“A lot of non-bank financiers are looking at the receivables and the trade finance space with a lot of interest,” says Ray Webb, head of business development at Fineon Exchange. “They see it as a reliable asset class. It’s relatively safe, it’s predictable, it’s based on long-standing trade flows and relationships and there is a historical performance that you can look to, and you can credit enhance the risk using credit insurance.” One trend he sees is a surge in interest from specialist funds who are looking to deploy significant volumes of cash into trade receivables. “What they like with trade receivables is its short-term nature. For short-term liquidity between major significant investments, they can deploy funds which otherwise sit around and don’t generate any income thanks to the new technology which is making it more accessible for them,” he explains.
This uptick in new funding sources will not only provide exporters with better choice, but will bring much-needed liquidity into the industry, enabling more trade deals to be done in more geographies.
“The major banks are still there, but also there are some of the smaller regional banks that have special appetites and niche businesses, and increasingly, some of the specialised funds that are looking to home in on specific types of funding in particular parts of the world. When looking at the funders that are accessible through Fineon Exchange, I liken it to a patchwork quilt. It gives you total coverage, it covers all the trade finance facilities that you will need, but it is made up of lots of individual squares, from the big international banks to the smaller specialised financiers and non-bank funders sewn in there to fill in the gaps,” says Webb.
Compliance: from burden to enabler
A key stumbling block to funding trade flows is the ever-increasing regulatory burden on transactions. According to Thomson Reuters, some major financial institutions spend up to US$500mn annually on know your customer (KYC) and customer due diligence, while its 2017 survey found that the average corporation spends 26 days a year to provide KYC regulatory information.
While a number of efforts are underway to standardise and centralise areas such as KYC and anti-money laundering (AML), many banks are still living in fear of heavy fines from regulators, in many cases choosing to play it safe and scrap the deal. But the advent of new technology, in particular machine learning and artificial intelligence, could provide an avenue out of the confusion for trade financiers. “At some point in the future, we will reach a point where AML and compliance can be done automatically through a platform,” says Webb, who explains that Fineon Exchange’s system currently enables it to pull together all of the requisite information from exporters to present to banks, saving exporters the legwork of having to present various permutations of the same information to numerous financiers. “Over time, the machine will learn which institutions want what, and then make sure that we have that information ready for them,” he adds.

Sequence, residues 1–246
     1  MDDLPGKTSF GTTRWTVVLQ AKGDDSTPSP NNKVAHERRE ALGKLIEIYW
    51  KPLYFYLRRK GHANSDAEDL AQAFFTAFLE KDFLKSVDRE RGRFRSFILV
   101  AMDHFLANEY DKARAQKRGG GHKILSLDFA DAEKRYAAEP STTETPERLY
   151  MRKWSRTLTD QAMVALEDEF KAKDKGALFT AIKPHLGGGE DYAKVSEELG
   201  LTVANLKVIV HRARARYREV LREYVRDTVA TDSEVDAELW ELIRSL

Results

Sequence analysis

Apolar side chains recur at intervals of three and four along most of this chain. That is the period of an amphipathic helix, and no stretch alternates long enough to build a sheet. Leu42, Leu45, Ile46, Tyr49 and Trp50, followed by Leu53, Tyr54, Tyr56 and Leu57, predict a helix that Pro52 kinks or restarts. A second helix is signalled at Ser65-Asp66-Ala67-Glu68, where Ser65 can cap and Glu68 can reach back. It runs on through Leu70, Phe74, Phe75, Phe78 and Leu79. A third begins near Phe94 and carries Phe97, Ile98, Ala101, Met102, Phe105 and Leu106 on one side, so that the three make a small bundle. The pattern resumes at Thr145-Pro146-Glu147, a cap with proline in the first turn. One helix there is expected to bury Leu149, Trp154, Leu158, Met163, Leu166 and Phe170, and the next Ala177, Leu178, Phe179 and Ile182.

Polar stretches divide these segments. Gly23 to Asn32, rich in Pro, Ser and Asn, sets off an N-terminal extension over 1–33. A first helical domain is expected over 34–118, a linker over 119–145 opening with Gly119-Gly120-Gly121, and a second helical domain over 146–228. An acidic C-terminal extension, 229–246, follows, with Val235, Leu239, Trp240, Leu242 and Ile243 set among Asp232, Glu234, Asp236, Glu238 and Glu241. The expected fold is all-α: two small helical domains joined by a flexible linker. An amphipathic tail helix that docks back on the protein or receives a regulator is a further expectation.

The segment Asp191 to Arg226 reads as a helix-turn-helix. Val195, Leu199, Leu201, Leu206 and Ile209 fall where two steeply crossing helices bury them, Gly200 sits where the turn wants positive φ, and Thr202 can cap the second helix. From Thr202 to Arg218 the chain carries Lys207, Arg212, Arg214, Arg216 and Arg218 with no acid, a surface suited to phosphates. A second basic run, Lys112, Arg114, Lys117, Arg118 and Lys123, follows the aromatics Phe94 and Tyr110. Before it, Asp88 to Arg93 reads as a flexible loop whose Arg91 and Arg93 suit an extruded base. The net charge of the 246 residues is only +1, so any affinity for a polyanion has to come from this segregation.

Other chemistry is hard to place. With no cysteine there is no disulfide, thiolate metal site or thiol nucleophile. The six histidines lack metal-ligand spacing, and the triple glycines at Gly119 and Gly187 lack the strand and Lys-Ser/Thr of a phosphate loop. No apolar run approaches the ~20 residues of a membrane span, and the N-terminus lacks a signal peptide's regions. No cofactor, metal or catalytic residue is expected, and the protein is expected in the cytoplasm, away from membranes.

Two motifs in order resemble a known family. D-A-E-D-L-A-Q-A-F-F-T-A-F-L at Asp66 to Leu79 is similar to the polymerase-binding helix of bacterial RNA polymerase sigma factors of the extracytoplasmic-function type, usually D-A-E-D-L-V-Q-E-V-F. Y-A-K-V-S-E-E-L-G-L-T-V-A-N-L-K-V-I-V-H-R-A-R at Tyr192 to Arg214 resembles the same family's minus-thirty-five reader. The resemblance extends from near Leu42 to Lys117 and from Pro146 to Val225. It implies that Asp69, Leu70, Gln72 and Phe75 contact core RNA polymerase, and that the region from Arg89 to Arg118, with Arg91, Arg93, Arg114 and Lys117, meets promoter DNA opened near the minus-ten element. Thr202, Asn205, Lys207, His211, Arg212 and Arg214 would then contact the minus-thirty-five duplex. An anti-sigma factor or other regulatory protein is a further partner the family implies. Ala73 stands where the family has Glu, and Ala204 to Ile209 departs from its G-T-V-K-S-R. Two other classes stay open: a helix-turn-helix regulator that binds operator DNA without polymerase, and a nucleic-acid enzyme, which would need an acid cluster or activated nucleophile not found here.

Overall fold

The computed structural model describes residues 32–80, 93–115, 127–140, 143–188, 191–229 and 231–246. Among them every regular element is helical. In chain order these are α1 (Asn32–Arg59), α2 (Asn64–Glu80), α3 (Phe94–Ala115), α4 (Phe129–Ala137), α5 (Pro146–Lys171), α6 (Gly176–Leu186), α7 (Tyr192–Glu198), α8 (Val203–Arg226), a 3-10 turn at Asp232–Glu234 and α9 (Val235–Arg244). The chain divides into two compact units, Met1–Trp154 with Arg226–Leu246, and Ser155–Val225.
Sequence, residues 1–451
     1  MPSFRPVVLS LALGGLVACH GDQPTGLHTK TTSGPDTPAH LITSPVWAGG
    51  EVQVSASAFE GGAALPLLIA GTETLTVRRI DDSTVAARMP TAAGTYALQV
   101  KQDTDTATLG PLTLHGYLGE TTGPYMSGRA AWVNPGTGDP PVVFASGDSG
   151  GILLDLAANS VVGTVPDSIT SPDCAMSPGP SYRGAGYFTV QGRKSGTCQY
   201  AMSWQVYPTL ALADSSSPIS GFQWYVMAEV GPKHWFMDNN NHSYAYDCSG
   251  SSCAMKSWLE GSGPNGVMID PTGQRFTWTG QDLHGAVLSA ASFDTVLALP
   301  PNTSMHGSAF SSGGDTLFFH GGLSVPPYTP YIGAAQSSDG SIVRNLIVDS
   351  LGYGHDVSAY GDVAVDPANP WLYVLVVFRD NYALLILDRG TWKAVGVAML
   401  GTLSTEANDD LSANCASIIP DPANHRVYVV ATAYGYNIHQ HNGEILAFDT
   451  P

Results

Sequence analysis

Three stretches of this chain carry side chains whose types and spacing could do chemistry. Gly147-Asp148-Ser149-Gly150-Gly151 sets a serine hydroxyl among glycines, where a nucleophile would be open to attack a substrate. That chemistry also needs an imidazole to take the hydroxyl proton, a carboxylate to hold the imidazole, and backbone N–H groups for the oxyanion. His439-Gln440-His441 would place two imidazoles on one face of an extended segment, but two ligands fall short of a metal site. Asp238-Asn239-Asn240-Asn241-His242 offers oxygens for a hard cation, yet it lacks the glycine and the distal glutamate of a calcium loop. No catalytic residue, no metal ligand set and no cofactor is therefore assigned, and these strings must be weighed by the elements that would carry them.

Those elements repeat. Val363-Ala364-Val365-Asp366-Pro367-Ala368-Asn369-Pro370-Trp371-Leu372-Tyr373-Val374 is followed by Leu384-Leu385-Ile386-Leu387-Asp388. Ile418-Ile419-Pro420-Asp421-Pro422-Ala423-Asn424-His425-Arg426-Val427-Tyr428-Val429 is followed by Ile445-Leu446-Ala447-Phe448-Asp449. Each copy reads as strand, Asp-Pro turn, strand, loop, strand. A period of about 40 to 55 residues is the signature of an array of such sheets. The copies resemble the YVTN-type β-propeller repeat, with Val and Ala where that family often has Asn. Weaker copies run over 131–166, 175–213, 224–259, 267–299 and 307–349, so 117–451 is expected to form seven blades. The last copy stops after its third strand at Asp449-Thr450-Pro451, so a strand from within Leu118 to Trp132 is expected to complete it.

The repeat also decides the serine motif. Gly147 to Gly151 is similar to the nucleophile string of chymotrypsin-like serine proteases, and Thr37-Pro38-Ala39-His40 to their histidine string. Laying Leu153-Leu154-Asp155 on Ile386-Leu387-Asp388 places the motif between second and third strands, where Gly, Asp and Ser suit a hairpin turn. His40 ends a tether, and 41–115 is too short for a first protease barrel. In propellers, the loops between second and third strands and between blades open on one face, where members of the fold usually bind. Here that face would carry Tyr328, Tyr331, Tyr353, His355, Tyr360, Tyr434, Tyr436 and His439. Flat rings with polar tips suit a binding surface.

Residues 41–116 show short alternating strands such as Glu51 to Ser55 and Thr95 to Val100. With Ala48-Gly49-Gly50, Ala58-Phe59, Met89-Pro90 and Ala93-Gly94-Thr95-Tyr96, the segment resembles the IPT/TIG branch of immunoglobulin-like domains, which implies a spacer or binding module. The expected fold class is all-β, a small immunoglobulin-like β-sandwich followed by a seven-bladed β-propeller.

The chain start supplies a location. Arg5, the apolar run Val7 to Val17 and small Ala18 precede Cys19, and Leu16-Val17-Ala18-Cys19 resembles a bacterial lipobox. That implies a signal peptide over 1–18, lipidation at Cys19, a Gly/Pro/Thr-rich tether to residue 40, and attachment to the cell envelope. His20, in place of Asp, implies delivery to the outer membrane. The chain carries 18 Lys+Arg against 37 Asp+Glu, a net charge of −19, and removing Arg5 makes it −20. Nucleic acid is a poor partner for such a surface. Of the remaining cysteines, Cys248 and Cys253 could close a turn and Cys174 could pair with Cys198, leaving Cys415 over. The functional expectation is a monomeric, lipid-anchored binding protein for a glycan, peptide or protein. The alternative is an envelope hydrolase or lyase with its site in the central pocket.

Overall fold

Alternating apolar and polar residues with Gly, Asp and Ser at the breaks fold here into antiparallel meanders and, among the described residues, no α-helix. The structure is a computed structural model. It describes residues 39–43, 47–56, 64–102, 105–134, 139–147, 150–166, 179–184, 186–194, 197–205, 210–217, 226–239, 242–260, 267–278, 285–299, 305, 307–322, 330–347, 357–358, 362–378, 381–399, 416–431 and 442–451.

Recent warnings from Coface that China’s companies are being hit by a surge in delays in getting paid for their goods and services, and a gloomy research piece by Euler Hermes on the potential for an uptick in business insolvencies in the UK, have bolstered the case for credit insurance. But tapping into the right insurer isn’t always easy. Today, the platformisation of the industry looks set to take the guesswork out of insuring transactions. “When a transaction comes in from the exporter, we match-make it with the funders and insurers based on their likes and dislikes, and match-make the credit insurance with the funders to find the cover that best fits the transaction,” says Webb.
Although technology solutions cannot be the panacea to all of global trade’s ills, harnessing the power of artificial intelligence to give exporters access to the wider marketplace while providing funders and insurers access to business that fits their requirements will go some way towards enabling quality transactions to achieve the funding they need.
FINEON Exchange offers optimised funding and insurance coverage for the receivables of European companies exporting to developing countries, by matching exporters with potential local, regional and global funders.
FINEON Exchange serves as a marketplace, where exporters can request offers for their export receivables portfolio online to funders willing to purchase them and insurers willing to cover them. Exporters will benefit from risk mitigation around obligor risks, while having access to a large pool of funders and insurers for an optimised export financing scheme.